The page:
I’ve heard so many popular stories and tales about Mihai and they are almost as popular as those about turning water into wine. He has been in the wine industry for nineteen years now. He worked the first eight years at R&D Institute for Wine-Growing and Wine-Making, Valea Calugareasca, where he earned his reputation as a “prodigy winemaker”. However, the more we delve into his past and attempt to find out more about how he came to work in the wine industry the more interesting it gets:
When did you first entertain the idea of making wine?
MB: I used to make wine at home using the old fashioned recipe. Clearly now I cannot brag about that anymore.
Can you briefly tell me how you’ve reached your current destination? When and how did you manage to become the wine expert of one of the most top rated wineries?
MB: In 1994 I worked as a mechanical engineer for Valea Calugareasca. At some point they ran out of Chiefs Winemaker and they suggested that I took up the position. What it may seem strangely odd and yet beneficial about this is the fact that I started practising straight away and only after a while did I start reading about it. Thus, I can proudly state that most of what I’ve accomplished and learned so far comes from practice.
A/N The story that I was telling you about at the beginning of the interview: when Mihai was hired at the winery he started fiddling with fermentation. The end result was remarkable. The wines had become unrecognizable and everybody was wondering how that had happened and how he succeeded in doing such an admirable job. So I suppose you could say that Mihai has earned his time in the limelight. From that point forward everybody knew him as the “prodigy winmaker”.
How did you manage to learn all the techniques of wine-making in such a short period of time, with no training whatsoever?
MB: I suppose that in my line of work genetics weighs more than science. It all started with my grandfather who was self-taught and could identify the variety of grapes by its string, and continued with my father who taught me to love the earth. I come from a family of eager agriculturists. My family are the ones who set me up for life and I owe my achievements in life to them.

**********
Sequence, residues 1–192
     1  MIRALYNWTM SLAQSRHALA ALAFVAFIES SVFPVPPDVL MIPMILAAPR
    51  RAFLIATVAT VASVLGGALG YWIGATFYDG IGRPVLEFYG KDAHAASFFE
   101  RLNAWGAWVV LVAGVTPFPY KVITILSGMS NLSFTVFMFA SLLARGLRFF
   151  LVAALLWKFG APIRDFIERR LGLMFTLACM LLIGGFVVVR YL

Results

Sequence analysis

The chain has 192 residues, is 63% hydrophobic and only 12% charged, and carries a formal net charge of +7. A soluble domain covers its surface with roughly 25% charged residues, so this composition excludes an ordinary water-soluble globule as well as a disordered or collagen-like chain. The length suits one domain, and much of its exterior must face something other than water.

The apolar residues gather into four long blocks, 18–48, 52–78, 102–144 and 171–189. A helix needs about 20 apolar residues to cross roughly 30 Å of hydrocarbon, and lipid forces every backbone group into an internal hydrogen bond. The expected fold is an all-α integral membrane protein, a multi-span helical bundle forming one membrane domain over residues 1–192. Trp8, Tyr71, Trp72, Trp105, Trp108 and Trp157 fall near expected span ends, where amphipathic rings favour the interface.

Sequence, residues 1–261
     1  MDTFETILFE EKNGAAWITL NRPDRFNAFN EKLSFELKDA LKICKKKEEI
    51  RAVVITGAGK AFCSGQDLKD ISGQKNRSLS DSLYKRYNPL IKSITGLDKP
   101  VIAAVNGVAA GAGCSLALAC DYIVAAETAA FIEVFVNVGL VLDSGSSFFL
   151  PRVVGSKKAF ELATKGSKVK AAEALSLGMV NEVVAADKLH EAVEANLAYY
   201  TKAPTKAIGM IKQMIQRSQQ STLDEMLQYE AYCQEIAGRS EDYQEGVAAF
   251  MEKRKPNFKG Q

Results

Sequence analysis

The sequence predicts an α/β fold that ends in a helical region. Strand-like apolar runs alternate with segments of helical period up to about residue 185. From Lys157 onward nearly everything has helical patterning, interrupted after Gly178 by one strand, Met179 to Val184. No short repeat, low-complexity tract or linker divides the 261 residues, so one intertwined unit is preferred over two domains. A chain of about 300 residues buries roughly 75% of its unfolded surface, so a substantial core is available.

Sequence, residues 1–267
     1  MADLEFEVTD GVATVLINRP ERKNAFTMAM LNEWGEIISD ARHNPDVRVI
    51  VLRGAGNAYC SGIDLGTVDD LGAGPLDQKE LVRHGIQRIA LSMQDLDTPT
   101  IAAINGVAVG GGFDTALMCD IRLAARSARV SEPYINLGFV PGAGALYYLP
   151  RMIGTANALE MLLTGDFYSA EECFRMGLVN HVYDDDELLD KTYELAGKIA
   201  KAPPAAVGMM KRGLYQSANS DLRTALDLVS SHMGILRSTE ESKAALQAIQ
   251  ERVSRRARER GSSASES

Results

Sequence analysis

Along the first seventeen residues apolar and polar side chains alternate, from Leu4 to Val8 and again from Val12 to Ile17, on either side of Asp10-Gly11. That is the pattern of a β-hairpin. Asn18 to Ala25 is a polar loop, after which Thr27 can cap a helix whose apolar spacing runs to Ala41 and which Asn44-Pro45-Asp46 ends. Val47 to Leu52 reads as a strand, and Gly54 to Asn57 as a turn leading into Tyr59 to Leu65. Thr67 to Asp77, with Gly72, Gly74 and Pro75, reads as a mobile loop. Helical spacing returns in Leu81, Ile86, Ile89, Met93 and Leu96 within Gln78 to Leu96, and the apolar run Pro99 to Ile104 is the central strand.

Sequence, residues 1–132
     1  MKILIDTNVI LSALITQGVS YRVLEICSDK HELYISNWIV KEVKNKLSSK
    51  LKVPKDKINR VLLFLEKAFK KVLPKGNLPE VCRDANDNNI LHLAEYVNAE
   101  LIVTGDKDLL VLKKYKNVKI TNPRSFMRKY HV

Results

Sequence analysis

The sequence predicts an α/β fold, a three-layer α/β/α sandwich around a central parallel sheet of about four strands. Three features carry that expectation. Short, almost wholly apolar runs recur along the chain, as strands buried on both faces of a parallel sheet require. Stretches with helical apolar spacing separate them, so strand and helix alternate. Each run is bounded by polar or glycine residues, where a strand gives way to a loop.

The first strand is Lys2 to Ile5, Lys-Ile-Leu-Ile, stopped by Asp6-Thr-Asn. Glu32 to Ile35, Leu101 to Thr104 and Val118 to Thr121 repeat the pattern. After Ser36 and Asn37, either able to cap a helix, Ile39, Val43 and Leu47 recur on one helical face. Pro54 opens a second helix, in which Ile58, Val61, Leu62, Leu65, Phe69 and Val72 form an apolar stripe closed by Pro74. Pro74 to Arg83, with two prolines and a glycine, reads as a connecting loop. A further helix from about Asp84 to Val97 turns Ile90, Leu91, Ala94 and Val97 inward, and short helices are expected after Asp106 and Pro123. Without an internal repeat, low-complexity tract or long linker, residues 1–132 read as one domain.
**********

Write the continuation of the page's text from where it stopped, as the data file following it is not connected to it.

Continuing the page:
Considering that you didn’t know much about wine-making, how did you approach the idea when you were appointed Chief Winemaker?
MB: I had relished the prospect of making wines and I immediately knew how much I appreciated it. Such was my devotion for what I was doing that it all came naturally. When I had started working, I began reading and I took some specialty courses.
How did you meet Walter and how did you go into partnership with LacertA?
MB: In 2003 I was attending a Master’s Degree programme in Wine Production in Germany. Walter, who is an Austrian diplomat, asked at the IBD-GTZ programme (program of the German government for economical promotion and labour force development) about a winemaker and that is how we got in touch. Walter’s wife, Larisa, who is Romanian and probably would not have returned to the country otherwise, decided that Romania would be the best place for a winery born out of passion for wines.
They say it was love at first sight and that you are the first and only wine oenologist with whom Walter has ever spoken about this subject. Nonetheless, that was a rather large investment. What do you think that made him trust you in the first place, without even tasting the wines you had made before?
MB: We sometimes foster instant connections with people. I and Walter have been on the same wavelength about most of the important issues ever since we first met. I had to make a decision then and nothing could hold me back from doing just that. It was chemistry, plain and simple.
Red wine grape varieties: Cabernet Sauvignon
White wine grape varieties: Feteasca Alba
Wine-producing country: White wines - South Africa
Red wines – Spain
Key words: structure and girth
Favourite aspect of the job: winemaking period – because it cannot be reproduced. Every wine processing is unique, as it is every bottle of wine.
Romania has well-established and growing wine industry.
Romanian wine is rather expensive (at least good ones)
In 2013, Walter Fridel, an Austrian diplomat, set out on a journey out of a passion for wines which could have easily been mistaken for a hobby. At the time he had a vineyard with only 17 ha of vines and a villa which had been designed by Ion Mincu. As time went by, his small business turned into a larger one: 82 ha of vines (replanted with the help of SAPARD and Reclamation Foundation) and one of the most impressive wineries in the country. By 2010 the vineyard had fructified and Mihai Banita and his team perform to the best of their ability in order to bring out the best qualities in wines.
Today, LacertA – named after the small lizards that run amok in the vines and which are instrumental in influencing the quality of the land – is small, modern and centers around premium wines. It is a winery which I can only speak highly of and it is beyond a shadow of a doubt one of my favourite places in the country. Its amazing architecture and wine tasting rooms, the people who work there, as well as the stunning landscape and wine flavours will instantly take your breath away. For all these reasons, LacertA should be at the top of a “must see” list.
Text: Alexandra Hash
Photo: Alina Iancu